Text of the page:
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Part Six, Issue 19 Soils and Sustainable Societies.

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Presentation on theme: "Part Six, Issue 19 Soils and Sustainable Societies."— Presentation transcript:

1 Part Six, Issue 19 Soils and Sustainable Societies

2 Objectives After reading the assigned chapter and reviewing the materials presented the students will be able to understand: What can be done to ensure fertile soils in the future? How significant are soils to sustainable societies?

3 The Nature of Soil Soils are composed of decomposed and disintegrating bits of rock and mineral matter. Humans degrade soil by: Paving soils with asphalt and buildings (urbanization), accelerating soil erosion, poor agricultural practices, desertification, irrigation practices leading to salt buildup, adding toxins to kill soil microbes.

4 Urbanization and Soil Loss American Farmland Trust (AFT) estimates that by 2050, one third of America’s most important agricultural region, the Central Valley of California will be paved over with suburbs. Forests permit little topsoil to erode: runoff is minimal, plant cover and roots allow rainwater to seep slowly into soil, water filters slowly through ground to stream, which results in stable stream flow.

5 Accelerating Soil Erosion According to the World Resource Institute, the two greatest sources of topsoil loss are sprawl development and improperly managed agricultural land. Five to 6 million hectares are lost to severe soil degradation annually. Soil erosion often results from water runoff caused by poor farming practices.

6 Salt Buildup & Toxins In arid regions, sodium may accumulate in the soils where there is insufficient rainfall to wash them below the water table. This process is called salinization. Conventional strawberry and wine grape growers like to sterilize their soils to kill pests which can feed on the roots of young plants and thus reduce yields. When there is a flood, a toxic brew of pesticides, fungicides, silt, and fertilizer is washed downriver. The Sierra Club has determined that organic strawberries can be grown for 25 to 30 cents a pound more than conventional strawberries.

7 Agricultural Practices that Reduce Soil Loss One of the greatest threats to agricultural production is the loss of topsoil. About two thirds of topsoil loss is caused by rain erosion, with another one third by wind erosion. The loss of topsoil directly affects agricultural productivity. Planting a crop each year reduces soil erosion.

8 Can Aid Stop Soil Degradation? According to scientists at the International Food Policy Research Institute (IFPRI), soil degradation has already had an impact on the productivity of about 16 % of the globe’s agricultural land. Threats to the world food production capacity are compounded by three disturbing trends: One and a half billion additional people will be on the planet by 2020, almost all in poorer developing countries, the natural fertility of soil is generally declining, and it is increasingly difficult to find productive new land to expand the agricultural base. Addition of inorganic fertilizers (nitrogen, phosphorous, and potassium) can maintain productivity of farms.

9 CO 2 and Causes for Concern According to the American Geological Institute, world soils contain about 1, 100 to 1,600 billion metric tons (bmt) carbon, more than twice the carbon in living vegetation. As soil fertility declines and water becomes scarcer, what will be the impact on food prices. Distribution of agricultural products is dependent on fuel prices and roads. Protecting soils and agricultural systems and ensuring adequate water supplies are among the greatest challenges facing humanity in the twenty first century.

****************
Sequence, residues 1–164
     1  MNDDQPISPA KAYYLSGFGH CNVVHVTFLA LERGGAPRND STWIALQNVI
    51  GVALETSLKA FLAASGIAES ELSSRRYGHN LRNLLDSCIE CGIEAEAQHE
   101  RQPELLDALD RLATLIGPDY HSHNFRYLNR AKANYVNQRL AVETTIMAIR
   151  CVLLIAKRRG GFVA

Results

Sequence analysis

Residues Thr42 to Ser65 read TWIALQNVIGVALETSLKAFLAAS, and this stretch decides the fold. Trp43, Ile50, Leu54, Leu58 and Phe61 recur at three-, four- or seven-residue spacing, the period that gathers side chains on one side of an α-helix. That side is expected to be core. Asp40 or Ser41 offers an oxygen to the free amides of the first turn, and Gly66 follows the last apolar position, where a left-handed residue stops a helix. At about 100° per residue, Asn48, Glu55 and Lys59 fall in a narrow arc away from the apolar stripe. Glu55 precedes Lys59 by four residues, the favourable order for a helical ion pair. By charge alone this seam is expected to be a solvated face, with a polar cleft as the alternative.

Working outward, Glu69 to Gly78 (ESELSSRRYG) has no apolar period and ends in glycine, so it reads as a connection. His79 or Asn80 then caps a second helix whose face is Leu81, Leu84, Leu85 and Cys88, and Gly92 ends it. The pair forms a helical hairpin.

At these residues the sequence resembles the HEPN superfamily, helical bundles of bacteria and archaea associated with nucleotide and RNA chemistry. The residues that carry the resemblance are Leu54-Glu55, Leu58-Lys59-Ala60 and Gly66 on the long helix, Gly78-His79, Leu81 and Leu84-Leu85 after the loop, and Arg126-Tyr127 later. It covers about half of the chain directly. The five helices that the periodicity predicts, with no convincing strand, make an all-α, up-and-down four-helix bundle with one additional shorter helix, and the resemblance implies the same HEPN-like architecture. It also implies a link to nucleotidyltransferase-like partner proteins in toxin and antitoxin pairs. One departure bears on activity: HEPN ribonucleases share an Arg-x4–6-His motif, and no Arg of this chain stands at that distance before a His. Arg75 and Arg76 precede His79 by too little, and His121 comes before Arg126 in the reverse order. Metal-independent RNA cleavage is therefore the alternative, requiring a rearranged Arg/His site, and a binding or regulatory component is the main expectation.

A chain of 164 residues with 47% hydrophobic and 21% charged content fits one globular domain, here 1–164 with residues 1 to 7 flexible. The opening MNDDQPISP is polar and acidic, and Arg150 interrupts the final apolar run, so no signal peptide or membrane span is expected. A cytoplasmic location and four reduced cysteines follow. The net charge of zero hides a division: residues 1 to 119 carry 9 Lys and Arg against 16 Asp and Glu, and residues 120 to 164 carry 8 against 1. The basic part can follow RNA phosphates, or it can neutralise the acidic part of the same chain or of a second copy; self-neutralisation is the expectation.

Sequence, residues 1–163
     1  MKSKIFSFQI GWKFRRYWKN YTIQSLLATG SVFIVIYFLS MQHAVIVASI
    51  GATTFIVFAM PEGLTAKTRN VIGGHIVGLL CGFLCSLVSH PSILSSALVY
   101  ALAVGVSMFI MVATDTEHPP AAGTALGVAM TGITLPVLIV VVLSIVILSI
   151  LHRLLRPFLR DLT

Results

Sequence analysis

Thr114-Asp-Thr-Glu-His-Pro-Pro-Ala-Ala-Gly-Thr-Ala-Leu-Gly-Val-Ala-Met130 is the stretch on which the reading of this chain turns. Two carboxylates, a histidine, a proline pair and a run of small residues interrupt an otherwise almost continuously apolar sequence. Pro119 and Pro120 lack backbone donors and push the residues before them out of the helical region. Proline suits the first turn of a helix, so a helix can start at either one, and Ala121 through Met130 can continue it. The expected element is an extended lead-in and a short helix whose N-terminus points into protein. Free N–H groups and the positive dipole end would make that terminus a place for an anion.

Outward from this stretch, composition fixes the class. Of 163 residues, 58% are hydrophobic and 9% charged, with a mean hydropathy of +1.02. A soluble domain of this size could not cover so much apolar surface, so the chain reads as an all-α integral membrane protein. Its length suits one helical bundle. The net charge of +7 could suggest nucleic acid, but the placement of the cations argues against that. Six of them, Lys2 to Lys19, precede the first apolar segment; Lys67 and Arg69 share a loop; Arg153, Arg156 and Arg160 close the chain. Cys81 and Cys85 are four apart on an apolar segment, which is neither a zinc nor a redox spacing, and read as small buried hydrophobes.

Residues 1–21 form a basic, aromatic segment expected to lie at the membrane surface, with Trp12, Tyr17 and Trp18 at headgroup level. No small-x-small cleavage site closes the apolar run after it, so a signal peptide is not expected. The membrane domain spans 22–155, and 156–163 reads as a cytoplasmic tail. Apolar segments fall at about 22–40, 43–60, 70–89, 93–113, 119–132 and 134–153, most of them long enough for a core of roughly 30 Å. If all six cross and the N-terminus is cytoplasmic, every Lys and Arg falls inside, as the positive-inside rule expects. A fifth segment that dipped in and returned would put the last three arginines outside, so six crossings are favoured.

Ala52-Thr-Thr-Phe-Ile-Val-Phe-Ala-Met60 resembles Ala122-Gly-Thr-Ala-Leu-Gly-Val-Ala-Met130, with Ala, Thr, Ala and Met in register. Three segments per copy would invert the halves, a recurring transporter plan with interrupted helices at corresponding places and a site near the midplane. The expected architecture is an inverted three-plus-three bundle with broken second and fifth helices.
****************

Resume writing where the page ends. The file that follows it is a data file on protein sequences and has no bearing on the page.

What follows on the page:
10 Summary Soils are composed of decomposed and disintegrating bits of rock and mineral matter. Humans degrade soil by: Paving soils with asphalt and buildings (urbanization), accelerating soil erosion, poor agricultural practices, desertification, irrigation practices leading to salt buildup, adding toxins to kill soil microbes. Forests permit little topsoil to erode: runoff is minimal, plant cover and roots allow rainwater to seep slowly into soil, water filters slowly through ground to stream, which results in stable stream flow. In arid regions, sodium may accumulate in the soils where there is insufficient rainfall to wash them below the water table. This process is called salinization. One of the greatest threats to agricultural production is the loss of topsoil. About two thirds of topsoil loss is caused by rain erosion, with another one third by wind erosion. Threats to the world food production capacity are compounded by three disturbing trends: One and a half billion additional people will be on the planet by 2020, almost all in poorer developing countries, the natural fertility of soil is generally declining, and it is increasingly difficult to find productive new land to expand the agricultural base. Addition of inorganic fertilizers (nitrogen, phosphorous, and potassium) can maintain productivity of farms. According to the American Geological Institute, world soils contain about 1, 100 to 1,600 billion metric tons (bmt) carbon, more than twice the carbon in living vegetation. Protecting soils and agricultural systems and ensuring adequate water supplies are among the greatest challenges facing humanity in the twenty first century.

11 Home Work 1. How do humans degrade soil? 2. What is salinization? 3. What are the 3 threats to world food production capacity?


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